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Coupland Henge



Details of henge on Pastscape

[NT 94053308] Henge [LB] Class II henge monument discovered by Dr. J.K. St. Joseph, consisting of an oval bank with internal ditch and opposing entrances. The diameter of the bank, which is best preserved on the western side, is 310 ft. Inside, the ditch appears as a shallow depression with a difference in height between ditch and bank of about 2ft. Aerial photgraphs show two narrow ditches, forming a droveway which passes through the entrances of the site. The ditches are not visible on the ground, but must be of later date than the henge. (2-3)
Surveyed at 1:2500. Ploughing has considerably reduced the remains which are now barely discernible. (4) As described. Published survey (25") revised. (5)
NT 9405 3308. Coupland, Ewart. Sub-oval enclosure known from cropmarks and formerly surviving as a slight earthwork, situated at c.47m above OD on level ground. The external bank has been destroyed on the E by a road and appears to have been damaged by quarry pits (visible as cropmark splodges) in the NE sector. The enclosure, listed as a classic henge, lies some 800m SW of the present course of the River Till. The henge has an asymmetrical ditch of regular width. The N part is rather wider than the S, bowing out particularly in the W sector. There are roughly squared terminals. Outside the ditch are the slight remains of a bank. A pit-like mark is visible roughly in the centre of the S causeway between the ditch terminals. The internal diameter ranges from c.63m to 68m (est. from transcription); the ditch width from c.4m to 5m. The causeways are c.16m wide at the SSE and c.16m at the NNW. The enclosure is associated with a pair of roughly parallel ditches c.7-33m apart and c.1-2.5m wide (see NT 93 SW 42), which run through the enclosure via its entrances. The E ditch of this avenue runs straight through without a break, although curving to avoid the NE terminal of the bank. The W ditch similarly veers to avoid the NW bank terminal, approaching to within c.7m of the E ditch, as it passes through, but in the S sector it breaks, stopping well short of the enclosure ditch on either side of the SSW terminal. (6) NT 940 330. Site of henge 1000yds (910m) SE of Milfield. Scheduled No ND/505. (7)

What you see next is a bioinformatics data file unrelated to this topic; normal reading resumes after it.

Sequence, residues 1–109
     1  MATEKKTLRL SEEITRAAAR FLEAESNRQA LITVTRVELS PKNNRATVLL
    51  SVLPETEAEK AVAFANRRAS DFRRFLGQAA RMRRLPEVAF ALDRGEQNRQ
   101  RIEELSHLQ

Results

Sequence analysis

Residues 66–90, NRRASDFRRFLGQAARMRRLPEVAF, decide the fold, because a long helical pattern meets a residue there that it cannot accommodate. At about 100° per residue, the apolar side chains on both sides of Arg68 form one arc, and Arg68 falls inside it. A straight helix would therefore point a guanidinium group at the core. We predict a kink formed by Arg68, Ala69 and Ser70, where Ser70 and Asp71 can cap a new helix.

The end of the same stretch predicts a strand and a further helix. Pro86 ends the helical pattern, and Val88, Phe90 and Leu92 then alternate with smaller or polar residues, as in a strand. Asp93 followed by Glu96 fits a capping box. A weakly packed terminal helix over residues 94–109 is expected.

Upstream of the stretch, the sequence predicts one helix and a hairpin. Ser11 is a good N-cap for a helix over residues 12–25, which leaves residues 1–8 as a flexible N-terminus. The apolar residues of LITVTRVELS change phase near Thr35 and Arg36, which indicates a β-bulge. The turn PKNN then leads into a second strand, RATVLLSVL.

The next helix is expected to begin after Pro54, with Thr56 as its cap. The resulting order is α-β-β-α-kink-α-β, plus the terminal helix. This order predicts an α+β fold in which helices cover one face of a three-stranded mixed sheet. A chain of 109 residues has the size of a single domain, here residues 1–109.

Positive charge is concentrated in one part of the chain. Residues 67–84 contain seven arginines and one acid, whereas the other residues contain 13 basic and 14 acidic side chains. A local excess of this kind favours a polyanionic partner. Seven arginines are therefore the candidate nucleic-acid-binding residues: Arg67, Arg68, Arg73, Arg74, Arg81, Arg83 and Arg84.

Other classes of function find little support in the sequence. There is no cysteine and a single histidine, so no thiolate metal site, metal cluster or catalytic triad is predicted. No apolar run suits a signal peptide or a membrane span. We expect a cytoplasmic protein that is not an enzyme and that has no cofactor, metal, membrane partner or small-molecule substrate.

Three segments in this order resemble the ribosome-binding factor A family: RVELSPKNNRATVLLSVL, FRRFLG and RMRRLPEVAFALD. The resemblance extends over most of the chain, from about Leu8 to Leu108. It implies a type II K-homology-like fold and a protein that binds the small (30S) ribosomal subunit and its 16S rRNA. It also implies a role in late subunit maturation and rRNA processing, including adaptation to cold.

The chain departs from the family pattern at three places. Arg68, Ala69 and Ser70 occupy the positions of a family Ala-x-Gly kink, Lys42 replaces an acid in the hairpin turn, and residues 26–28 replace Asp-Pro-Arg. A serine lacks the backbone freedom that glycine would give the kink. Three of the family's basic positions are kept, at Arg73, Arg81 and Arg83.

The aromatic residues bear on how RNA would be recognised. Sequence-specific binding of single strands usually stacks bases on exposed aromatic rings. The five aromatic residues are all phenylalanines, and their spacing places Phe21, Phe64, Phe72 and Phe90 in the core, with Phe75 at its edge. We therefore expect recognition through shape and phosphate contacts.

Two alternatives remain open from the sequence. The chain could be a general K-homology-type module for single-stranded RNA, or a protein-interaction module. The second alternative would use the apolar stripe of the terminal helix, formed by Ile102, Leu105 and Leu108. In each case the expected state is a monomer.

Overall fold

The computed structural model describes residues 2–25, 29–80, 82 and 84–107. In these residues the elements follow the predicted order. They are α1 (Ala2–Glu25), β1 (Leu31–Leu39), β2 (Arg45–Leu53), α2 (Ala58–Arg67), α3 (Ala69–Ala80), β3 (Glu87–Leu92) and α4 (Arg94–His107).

Excavations across the southern entrance to the enclosure in 1995 have produced evidence which, it is claimed, date the site to the early 4th millennium BC, which would make it the earliest henge by the best part of a millennium. Pits containing charcoal, charred hazelnut shells and Early Neolithic Grimston Ware potsherds were found, and some of the hazelnuts produced radiocarbon dates of around 3800 BC. The presence of similar material in one of the droveway ditches, and similar radiocarbon dates from charcoal in this ditch deposit, have been taken to suggest that the droveway is of Early Neolithic date, and therefore the henge must be slightly earlier. However, an alternative possibility must be that the droveway ditch has cut through an earlier, Grimston ware associated deposit. In any case, further to the south, the droveway also swerves to avoid the late Neolithic henge of East Marleyknowe (NT 93 SW 27), while to the north it also seems to deliberately avoid the late Neolithic henge of Millfield South (NT 93 SW 37). The excavations also identified two post holes in the enclosure entrance, one on either side of the entrance gap and within the area defined by the droveway ditches, while in a more central position was a shallow pit devoid of any artefactual material. (8) The site has been mapped from the air as part of the Milfield Geoarchaeology Project. (See archive object MD000295)
Chance Posted by Chance
28th December 2014ce

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